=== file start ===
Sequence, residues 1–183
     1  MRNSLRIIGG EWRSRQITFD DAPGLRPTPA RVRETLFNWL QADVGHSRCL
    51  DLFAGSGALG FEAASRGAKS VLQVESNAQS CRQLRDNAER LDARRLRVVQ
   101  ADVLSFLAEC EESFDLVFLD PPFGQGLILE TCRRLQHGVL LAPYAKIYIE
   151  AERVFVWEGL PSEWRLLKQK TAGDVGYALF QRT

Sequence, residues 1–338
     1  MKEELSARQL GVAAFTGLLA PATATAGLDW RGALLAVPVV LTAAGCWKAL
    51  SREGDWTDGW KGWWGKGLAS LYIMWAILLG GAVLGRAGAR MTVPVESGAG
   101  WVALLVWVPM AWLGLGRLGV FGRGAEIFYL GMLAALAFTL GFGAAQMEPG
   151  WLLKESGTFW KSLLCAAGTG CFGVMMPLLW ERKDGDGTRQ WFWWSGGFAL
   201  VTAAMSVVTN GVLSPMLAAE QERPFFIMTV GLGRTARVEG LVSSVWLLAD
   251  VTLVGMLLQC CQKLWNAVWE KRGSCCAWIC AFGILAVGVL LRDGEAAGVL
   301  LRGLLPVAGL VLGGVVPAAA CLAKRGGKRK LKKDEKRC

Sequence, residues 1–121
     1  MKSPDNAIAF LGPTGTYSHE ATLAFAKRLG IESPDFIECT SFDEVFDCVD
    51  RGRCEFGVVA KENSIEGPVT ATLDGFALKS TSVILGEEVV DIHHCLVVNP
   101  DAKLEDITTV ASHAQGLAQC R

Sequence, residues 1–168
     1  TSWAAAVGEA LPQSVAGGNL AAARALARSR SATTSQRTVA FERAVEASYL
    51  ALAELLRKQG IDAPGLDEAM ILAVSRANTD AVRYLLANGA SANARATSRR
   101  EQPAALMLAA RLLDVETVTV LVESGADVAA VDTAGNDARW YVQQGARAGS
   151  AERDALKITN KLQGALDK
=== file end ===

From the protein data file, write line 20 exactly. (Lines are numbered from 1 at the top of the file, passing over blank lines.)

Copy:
    51  ALAELLRKQG IDAPGLDEAM ILAVSRANTD AVRYLLANGA SANARATSRR